When all was ready to go out again, two privateers, the Monsieur and the Grandeville, put themselves under Jones' orders, raising his force to seven sail. As the Monieur was frigate-built, and carried forty guns, her junction was thought a matter of no slight importance.
On the 10th August, Jones issued some general orders to his captains, laying great stress on the point of not parting company; the commonest of all embarrassments with an irregular force at sea. The Richard had not proved a fast ship; the Pallas, a light 20 gun ship, was decidedly dull, having also been built for a merchantman; the Vengeance was barely respectable, while the Cerf was every way a noble cutter, though of trifling force. The Alliance, one of the fastest ships that ever floated, had been badly ballasted by Mons. Landais, on some philosophical principles of his own, and lost her qualities for that cruise. Such, then, was the character of the force, with which Jones once more ventured into the narrow seas, in quest of glory.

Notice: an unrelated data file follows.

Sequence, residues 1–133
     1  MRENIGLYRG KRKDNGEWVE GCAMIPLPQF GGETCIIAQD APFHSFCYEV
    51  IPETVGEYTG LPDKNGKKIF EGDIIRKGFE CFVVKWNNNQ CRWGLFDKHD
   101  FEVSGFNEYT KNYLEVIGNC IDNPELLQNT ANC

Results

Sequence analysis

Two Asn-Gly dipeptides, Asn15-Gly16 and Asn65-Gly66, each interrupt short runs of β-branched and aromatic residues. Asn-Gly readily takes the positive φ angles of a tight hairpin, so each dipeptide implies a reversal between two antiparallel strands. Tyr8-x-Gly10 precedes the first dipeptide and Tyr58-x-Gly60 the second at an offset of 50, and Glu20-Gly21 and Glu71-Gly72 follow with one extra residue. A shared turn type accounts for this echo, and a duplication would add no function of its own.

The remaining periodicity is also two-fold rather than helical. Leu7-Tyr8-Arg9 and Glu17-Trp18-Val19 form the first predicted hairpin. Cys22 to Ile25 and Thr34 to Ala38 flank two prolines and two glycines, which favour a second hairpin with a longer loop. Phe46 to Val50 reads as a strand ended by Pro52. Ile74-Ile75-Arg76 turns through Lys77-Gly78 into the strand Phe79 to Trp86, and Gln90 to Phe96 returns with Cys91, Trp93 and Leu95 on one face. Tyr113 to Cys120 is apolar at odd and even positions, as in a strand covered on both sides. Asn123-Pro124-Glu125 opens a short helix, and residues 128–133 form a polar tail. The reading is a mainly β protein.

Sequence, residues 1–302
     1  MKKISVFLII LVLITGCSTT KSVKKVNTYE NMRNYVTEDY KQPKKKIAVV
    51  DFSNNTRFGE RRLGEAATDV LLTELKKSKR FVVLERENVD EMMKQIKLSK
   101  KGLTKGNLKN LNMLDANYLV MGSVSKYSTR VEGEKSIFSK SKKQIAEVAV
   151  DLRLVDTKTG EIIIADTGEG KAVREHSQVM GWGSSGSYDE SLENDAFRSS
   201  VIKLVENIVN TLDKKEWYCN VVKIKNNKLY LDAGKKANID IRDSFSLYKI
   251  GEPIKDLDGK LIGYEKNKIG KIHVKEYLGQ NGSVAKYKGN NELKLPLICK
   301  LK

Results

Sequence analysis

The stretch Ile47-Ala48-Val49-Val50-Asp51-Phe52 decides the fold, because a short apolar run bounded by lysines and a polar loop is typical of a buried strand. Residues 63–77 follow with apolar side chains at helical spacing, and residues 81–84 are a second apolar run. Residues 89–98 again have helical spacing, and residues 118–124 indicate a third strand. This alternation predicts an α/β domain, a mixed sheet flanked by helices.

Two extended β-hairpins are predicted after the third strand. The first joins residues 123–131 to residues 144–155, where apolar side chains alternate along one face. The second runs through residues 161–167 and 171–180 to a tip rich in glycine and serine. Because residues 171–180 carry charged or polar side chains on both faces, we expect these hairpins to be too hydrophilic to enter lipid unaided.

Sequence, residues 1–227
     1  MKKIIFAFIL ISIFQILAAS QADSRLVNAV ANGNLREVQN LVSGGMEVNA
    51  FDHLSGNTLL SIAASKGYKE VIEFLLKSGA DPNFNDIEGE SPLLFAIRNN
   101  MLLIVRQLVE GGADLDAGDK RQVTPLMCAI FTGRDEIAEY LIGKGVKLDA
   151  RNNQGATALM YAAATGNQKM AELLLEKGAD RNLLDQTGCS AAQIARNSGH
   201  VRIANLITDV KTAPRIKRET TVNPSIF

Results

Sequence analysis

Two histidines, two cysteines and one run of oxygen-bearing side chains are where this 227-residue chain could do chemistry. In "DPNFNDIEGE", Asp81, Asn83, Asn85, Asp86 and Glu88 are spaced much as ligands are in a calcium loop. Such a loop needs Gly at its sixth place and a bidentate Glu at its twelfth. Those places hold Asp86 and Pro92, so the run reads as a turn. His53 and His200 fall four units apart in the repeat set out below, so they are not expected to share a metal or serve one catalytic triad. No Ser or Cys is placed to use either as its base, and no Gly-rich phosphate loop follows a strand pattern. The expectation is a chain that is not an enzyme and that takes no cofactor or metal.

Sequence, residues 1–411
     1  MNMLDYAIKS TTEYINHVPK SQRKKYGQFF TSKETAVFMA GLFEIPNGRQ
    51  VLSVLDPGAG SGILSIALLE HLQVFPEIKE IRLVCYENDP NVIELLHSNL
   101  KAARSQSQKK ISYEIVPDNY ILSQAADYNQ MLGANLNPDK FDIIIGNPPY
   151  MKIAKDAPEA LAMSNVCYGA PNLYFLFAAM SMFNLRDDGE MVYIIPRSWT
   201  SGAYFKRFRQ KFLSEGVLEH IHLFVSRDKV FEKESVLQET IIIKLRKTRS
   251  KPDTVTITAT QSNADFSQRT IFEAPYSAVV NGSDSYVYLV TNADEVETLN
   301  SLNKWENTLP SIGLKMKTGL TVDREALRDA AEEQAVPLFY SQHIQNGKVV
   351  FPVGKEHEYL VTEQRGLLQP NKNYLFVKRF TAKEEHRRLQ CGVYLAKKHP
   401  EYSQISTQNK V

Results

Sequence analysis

The orders under which Jones sailed on his next and most remarkable cruise, directed him to go to the westward of Scilly, and to pass the west coast of Ireland, doubling the extremity of Scotland, and remaining some time on the Dogger Bank. By returning to this port of departure, this would have been making the complete circuit of Great Britain and Ireland, most of the time keeping the land aboard. The instructions, however, ordered him to put into the Texel for further orders. It was understood that this last destination was pointed out in the hope of putting the Indien under Jones, that ship still remaining in Holland, in a species of political durance. She was not released, until England declared war against Holland, when the arrangement was made with South Carolina, as already mentioned.